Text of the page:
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Organic Trade Association
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Harvey v. Veneman and Its Impact on the Organic Supply Chain

 

Because organic agricultural production is an integrated system of farming and production, changing one part of the market will most likely affect every part of the market. The situation is evolving, so it is hard to say exactly what the effects will be. Nevertheless, here are some theories of the potential effects by industry sector:

 

Agricultural Suppliers:

  • Reduced demand for organic ingredients could reduce the demand for organic crops and therefore reduce the demand for agricultural inputs for organic farms.
  • There may be an increased need for organic feed for dairy animals if farmers continue to convert to organic dairy production. However, there may be a reduced need for feed if added expense to transition to organic dairy discourages farmers from switching to organic production.

Farmers:

  • The market for organic ingredients for processing may be severely diminished, affecting price premiums and eroding farm incomes.
  • Farmers considering transitioning to organic dairy production face added expense.  
  • Post-harvest handling practices, including cleaning, storage, and handling, may need to be adjusted to eliminate certain materials or processes.

Shippers/Handlers:

  • The market for organic ingredients for processing may be severely diminished.
  • Post-harvest handling practices, including cleaning, storage, and handling, may need to be adjusted to eliminate certain materials or processes.

Ingredient suppliers:

  • There may be less demand for organic ingredients, especially minor ingredients, if manufacturers scale back the percentage of organic ingredients in their products.
  • Growth in the organic dairy sector may stall as farmers put off transitioning to organic production, making all kinds of organic dairy products harder to find.
  • There may be a need to further investigate how materials have been processed, which might add to costs that are passed along the supply chain.
  • There may be a need for more proof of the commercial unavailability and the need for more accurate projections of supply so that petitions for review of items based on commercial availability can be conducted in a timely manner.

Importers:

  • There may be less demand for organic ingredients (see ingredient suppliers).
  • Certain materials and processes that were previously allowed might be prohibited, resulting in the need for changes in post-harvest handling, and processing of organic ingredients and/or finished goods (see manufacturer/processor).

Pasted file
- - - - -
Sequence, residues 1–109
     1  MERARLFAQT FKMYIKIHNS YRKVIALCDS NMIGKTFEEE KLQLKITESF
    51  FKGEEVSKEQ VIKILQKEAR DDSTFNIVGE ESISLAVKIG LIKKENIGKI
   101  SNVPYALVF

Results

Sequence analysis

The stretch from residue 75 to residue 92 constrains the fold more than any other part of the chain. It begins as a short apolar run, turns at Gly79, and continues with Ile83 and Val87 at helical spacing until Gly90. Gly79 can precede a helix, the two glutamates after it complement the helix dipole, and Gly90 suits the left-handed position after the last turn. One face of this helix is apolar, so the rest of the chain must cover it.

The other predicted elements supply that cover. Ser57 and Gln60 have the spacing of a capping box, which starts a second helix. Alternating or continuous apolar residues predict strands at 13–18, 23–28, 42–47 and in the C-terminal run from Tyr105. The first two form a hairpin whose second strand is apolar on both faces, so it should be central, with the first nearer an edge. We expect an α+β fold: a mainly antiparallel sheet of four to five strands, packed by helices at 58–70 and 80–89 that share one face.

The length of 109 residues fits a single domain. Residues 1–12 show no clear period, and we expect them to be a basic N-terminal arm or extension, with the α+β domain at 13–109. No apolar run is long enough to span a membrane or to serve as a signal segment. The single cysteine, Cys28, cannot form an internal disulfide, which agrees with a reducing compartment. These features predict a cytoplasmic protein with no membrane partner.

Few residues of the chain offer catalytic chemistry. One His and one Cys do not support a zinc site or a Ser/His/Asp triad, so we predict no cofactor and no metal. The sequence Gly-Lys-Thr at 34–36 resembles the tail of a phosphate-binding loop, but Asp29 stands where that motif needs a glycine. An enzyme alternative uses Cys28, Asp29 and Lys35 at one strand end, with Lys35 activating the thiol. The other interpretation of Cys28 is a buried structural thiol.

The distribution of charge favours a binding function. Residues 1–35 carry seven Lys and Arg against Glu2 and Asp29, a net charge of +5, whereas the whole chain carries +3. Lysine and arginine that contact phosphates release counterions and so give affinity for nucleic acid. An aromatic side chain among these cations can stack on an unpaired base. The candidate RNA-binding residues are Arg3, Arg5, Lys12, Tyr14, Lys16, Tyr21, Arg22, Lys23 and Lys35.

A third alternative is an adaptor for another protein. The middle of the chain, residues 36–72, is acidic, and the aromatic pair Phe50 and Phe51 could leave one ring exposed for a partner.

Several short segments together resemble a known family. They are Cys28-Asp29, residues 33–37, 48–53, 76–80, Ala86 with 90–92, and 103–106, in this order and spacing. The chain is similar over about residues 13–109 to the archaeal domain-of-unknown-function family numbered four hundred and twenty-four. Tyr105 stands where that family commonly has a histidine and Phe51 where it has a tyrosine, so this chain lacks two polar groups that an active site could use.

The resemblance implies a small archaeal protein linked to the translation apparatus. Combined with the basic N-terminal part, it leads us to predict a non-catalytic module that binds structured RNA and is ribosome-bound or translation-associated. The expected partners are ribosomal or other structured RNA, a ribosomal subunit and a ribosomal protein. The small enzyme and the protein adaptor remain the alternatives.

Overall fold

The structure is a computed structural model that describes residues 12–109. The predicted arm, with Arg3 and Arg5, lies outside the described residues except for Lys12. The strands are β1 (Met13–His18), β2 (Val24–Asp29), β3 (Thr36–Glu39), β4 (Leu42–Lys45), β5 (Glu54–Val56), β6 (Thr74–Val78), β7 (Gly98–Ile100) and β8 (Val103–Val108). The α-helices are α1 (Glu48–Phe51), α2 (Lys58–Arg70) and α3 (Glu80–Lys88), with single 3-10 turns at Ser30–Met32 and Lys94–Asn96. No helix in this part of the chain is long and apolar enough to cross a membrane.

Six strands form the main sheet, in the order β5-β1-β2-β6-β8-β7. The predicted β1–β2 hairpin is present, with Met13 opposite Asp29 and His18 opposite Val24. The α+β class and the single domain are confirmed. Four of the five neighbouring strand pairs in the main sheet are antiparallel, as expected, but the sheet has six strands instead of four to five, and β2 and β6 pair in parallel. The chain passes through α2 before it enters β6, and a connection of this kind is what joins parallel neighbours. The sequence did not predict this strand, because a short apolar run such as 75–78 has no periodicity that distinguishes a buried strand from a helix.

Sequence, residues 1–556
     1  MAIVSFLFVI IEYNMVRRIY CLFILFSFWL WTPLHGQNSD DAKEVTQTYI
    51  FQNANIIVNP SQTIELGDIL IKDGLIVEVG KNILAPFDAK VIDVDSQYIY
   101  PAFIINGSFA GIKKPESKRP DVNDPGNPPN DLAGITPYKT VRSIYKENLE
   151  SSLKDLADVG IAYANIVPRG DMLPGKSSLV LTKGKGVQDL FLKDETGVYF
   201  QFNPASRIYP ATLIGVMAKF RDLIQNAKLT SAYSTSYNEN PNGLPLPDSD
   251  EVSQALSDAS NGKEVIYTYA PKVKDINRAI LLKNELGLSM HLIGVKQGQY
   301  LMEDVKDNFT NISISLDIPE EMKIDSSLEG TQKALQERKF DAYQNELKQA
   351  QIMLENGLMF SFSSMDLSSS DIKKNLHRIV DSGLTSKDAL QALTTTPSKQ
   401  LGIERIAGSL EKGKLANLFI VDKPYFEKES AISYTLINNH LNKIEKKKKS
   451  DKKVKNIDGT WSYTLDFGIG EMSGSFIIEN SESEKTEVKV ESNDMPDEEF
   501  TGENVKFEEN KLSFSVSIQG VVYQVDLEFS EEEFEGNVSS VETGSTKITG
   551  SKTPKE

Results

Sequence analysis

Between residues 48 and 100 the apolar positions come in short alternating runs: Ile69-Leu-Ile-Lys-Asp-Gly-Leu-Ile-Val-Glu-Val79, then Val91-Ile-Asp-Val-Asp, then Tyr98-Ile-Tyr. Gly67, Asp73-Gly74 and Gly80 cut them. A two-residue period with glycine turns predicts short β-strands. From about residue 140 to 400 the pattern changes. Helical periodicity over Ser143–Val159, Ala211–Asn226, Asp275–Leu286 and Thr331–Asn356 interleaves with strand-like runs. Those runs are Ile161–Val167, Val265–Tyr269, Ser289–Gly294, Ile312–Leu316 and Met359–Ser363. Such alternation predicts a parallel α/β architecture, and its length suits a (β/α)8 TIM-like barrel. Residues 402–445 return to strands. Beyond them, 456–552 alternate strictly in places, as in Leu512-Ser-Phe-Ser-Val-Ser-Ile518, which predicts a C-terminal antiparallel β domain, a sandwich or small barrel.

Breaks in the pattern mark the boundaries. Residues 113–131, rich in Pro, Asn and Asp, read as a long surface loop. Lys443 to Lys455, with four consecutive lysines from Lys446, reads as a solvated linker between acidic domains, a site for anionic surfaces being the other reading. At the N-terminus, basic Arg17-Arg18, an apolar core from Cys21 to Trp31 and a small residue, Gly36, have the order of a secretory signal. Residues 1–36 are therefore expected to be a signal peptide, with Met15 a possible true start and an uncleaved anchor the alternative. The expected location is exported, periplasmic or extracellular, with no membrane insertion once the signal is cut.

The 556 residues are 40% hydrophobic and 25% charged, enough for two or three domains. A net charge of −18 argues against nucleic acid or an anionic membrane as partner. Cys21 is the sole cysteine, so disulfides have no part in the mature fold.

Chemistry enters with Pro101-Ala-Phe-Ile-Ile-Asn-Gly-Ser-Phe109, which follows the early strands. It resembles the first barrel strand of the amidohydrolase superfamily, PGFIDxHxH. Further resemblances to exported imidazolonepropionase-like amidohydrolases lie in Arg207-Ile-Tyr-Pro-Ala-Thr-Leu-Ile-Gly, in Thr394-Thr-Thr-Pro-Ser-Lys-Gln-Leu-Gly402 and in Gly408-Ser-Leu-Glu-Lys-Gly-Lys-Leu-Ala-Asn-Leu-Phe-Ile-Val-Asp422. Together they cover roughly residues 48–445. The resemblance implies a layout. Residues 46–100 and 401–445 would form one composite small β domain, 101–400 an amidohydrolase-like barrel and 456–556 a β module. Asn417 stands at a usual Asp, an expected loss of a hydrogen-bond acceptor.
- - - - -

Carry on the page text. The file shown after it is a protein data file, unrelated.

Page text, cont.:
• Importers need to take time to stay informed, and inform their suppliers about any changes in the rules.
  • Extra due diligence may be required.


Manufacturers/Processors:

  • Dairy ingredients may be more expensive and in shorter supply.
  • Sourcing ingredients may require extra due diligence to determine that they are not processed with materials previously allowed under 205.605(b).
  • Items in the “organic” label category that cannot be formulated without the materials/processes on 205.605(b) of the National Organic Regulations may drop into the “made with organic” category.
  • These changes could result in the loss of the use of the “USDA organic” seal and could lead to the need to revamp marketing materials such as advertising, web sites, and promotions.

Retailers:

  • Fewer products carrying the “USDA Organic” seal may be available, reducing the visibility for organic products in the store.
  • There may be reduced availability of organic packaged products and certain organic fresh products (banannas and dairy, for example).
  • Retailers with private label products may need to do extra due diligence to comply with USDA NOP labeling requirements.
  • Consumers may be confused or concerned about changes, causing a drop in sales.

Consumers:

  • Less availability of organic products leads to fewer options, of both organic processed products and certain fresh organic products (pineapple, bananas, and dairy products, for example).
  • Prices on the items that are available may be higher (dairy, especially).
  • There will be limited use of the "USDA Organic" seal thus removing uniform clear labeling for organic products.

Fiber/Personal Care/Pet Foods:

  • Emerging sectors are developing standards based on or parallel to the food standards.
  • Revisions to the rules for producing and labeling organic foods may become a precedent for rules for other emerging sectors.
  • If the organic gateway catergories (foods, especially produce and dairy) are less available and less visible, there may be fewer consumers entering the organic category, and therefore fewer qualified prospects to move on to other organic product sectors, such as clothing and personal care.

Certifiers/consultants/support services:

  • If any part of the supply chain scales back production, there is less need for certification, consulting and other support services specific to organic agriculture and production.
  • There may be a need for additional due diligence concerning materials and processes used in ingredients destined for processed products.
  • There may be a need for graphic design, branding, and other marketing and promotion tasks if processors need to reformulate and change labels.

In the short term, uncertainty in the marketplace will slow or stop new investment. Reduced visibility and reduced availability mean reduced growth overall. Less growth means less opportunity for every business involved in the business of producing or selling organic agricultural products or that provides services to those businesses.

 

Ultimately, less land converted to organic agriculture means a less sustainable environment for everyone.

 
 
2014 Annual Fund

Research and Promotion 2012

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